That’s how the headline should have read in the center, front, above-the-fold article in today’s Denver Post. I wish I were kidding.
Douglas Bruce went to jail for 104 days and faced cruel and unusual punishment: the rolls were cold and the gravy tasted funny. And he’s gonna sue.
I don’t know who to be more furious with: Bruce for being a selfish jerk, or the Denver Post for devoting so much space on its front page to a middle class white guy who goes to jail for just over three months and fails to receive gourmet-level cooking.
Denver Post, Mr. Bruce, I’d like you to meet Troy Anderson. Mr. Anderson has been in solitary confinement at the Colorado State Penitentiary for 12 years. In those 12 years, he has not been allowed to exercise outdoors.
I’d have loved to introduce you to Shawn Vigil but, sorry to say, he’s dead. He committed suicide at the Denver County Jail in 2005 — after being locked up for a month in solitary without a sign language interpreter. You see, Mr. Vigil was deaf. He was in solitary with no way to communicate with his jailers. Wonder what he thought of the gravy? Perhaps the Denver Post will write a front page story about that.
Actually, the Denver Post did write about Mr. Vigil’s case when we filed. This many words. Though I don’t have the print edition, I’m confident it wasn’t on page one. Former Post columnist Susan Greene* also wrote about it in more detail, but of course she’s not there any more. Can’t have someone providing nuanced coverage of marginalized people.
Back in the day, Spy Magazine had an equation for how many column inches a story would get in the New York Times based primarily on the number of people killed and the distance of the event from Times Square.** Although I’m not a math major, there has to be some sort of equation at work here: R x C x L x G where R = race, C = class, L = length of sentence, and G = quality of gravy. In the newspaper world, being white (r = 100) and middle class (c=100) will completely outweigh the length of your sentence and other conditions.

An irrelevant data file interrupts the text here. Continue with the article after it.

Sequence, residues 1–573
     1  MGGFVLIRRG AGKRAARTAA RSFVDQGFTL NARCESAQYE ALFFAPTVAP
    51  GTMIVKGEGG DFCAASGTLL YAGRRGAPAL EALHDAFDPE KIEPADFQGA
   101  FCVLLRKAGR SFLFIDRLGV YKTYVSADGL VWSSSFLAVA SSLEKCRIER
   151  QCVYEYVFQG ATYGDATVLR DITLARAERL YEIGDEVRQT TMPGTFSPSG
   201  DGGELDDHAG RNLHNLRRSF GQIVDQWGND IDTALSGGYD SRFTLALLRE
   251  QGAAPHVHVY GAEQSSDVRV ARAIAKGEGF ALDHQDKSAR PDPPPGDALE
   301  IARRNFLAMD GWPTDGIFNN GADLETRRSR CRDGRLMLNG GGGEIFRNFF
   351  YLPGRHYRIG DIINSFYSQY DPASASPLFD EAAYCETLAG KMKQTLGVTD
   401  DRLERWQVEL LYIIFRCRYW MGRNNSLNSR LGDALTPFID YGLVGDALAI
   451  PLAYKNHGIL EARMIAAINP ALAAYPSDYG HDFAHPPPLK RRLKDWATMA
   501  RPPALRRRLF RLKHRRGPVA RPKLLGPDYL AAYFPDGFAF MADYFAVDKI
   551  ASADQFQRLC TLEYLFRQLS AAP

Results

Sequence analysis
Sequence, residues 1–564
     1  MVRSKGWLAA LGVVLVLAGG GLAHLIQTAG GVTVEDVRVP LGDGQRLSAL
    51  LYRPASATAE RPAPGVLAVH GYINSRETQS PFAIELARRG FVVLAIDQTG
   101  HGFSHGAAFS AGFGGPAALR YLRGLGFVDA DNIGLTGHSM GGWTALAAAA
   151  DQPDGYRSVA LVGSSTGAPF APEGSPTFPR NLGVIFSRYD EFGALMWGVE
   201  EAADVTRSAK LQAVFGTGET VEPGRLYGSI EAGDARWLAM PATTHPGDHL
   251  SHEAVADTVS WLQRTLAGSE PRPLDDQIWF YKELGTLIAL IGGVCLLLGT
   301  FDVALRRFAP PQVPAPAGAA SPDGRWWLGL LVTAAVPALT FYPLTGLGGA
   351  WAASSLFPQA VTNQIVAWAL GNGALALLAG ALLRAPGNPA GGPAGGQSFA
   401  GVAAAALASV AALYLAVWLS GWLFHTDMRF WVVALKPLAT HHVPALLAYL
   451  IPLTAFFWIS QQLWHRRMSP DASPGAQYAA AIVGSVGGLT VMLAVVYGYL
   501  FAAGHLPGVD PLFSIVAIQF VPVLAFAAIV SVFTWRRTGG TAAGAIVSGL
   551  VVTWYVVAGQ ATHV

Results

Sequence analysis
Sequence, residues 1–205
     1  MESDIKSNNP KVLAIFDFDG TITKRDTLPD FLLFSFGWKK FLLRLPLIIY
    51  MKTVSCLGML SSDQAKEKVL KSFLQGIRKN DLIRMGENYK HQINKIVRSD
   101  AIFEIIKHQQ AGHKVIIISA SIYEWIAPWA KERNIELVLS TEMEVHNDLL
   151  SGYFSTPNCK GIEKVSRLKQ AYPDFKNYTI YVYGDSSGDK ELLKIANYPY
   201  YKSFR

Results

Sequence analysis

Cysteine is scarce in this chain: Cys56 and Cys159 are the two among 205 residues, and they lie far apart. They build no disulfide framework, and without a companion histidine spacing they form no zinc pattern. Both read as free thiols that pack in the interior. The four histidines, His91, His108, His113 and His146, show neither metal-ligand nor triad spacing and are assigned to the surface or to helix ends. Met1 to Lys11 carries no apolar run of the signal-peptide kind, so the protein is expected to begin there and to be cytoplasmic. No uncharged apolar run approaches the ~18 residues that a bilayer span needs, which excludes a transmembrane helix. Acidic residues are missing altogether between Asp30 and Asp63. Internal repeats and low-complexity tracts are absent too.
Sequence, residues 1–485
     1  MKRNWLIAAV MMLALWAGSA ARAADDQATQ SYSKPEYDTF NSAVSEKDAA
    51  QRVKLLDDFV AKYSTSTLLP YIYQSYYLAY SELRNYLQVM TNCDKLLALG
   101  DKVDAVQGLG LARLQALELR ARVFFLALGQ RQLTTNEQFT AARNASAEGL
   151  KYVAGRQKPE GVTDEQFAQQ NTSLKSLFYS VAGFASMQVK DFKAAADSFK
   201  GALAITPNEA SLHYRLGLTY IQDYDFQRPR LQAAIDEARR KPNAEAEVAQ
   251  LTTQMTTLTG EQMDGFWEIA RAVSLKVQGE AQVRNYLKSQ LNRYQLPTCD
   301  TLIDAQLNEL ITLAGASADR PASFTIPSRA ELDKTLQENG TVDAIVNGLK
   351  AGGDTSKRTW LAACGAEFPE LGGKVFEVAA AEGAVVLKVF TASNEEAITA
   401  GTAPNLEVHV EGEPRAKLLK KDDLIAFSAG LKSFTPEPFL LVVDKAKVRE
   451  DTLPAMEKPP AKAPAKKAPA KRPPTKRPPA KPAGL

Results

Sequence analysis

* Full disclosure: Susie is a friend. And also a kick-ass journalist. The lack of her voice (and other recent departures) in the Post makes it not much more than People Magazine: Denver Edition.
** Yes, of course it’s on the internet: the November 1989 issue of Spy Magazine. The equation is on page 56. Check out page 55 for proof that Donald Trump has been annoying us for a long, long time. And generally peruse the issue to take yourself back to a time when being a smart-ass, sarcastic, irony-appreciating young law grad felt fresh and new. Or maybe that was just me.
[June 2: Edited for accuracy.]
“Smart-ass, sarcastic, irony-appreciating young law grad”–guilty as well. I still cannot see anything about Donald Trump without mentally adding in the phrase “short-fingered vulgarian.” (Is that right–or was it “stubby-fingered?”)
I share your outrage about the differential journalistic treatment based on race and class–I can intellectualize it (pervasive racism in society and the legal system? Too big, too hard to change. Funny-tasting gravy? That might be something we could do something about!) but it makes me heart-sick.
So instead I take comfort from some slight schadenfreude–the other day, The Donald was mouthing off about Obama’s birth certificate, and he was not described as a financier, a real-estate developer, or even a (joke) Presidential candidate–it was “reality TV star Donald Trump.” Surely “National Joke” is the next title that he will earn?
All true! Spy has contributed so many important things to the culture!
Amen, Sister. Add the other three sheriffs and two police departments and countless deaf individuals thrown to the floor and locked up for longer periods because they did not understand or did not “cooperate” with a deputy’s commands. The hours endured in handcuffs while being interrogated when the individual’s only way to communicate is by using her hands. How ’bout THAT story?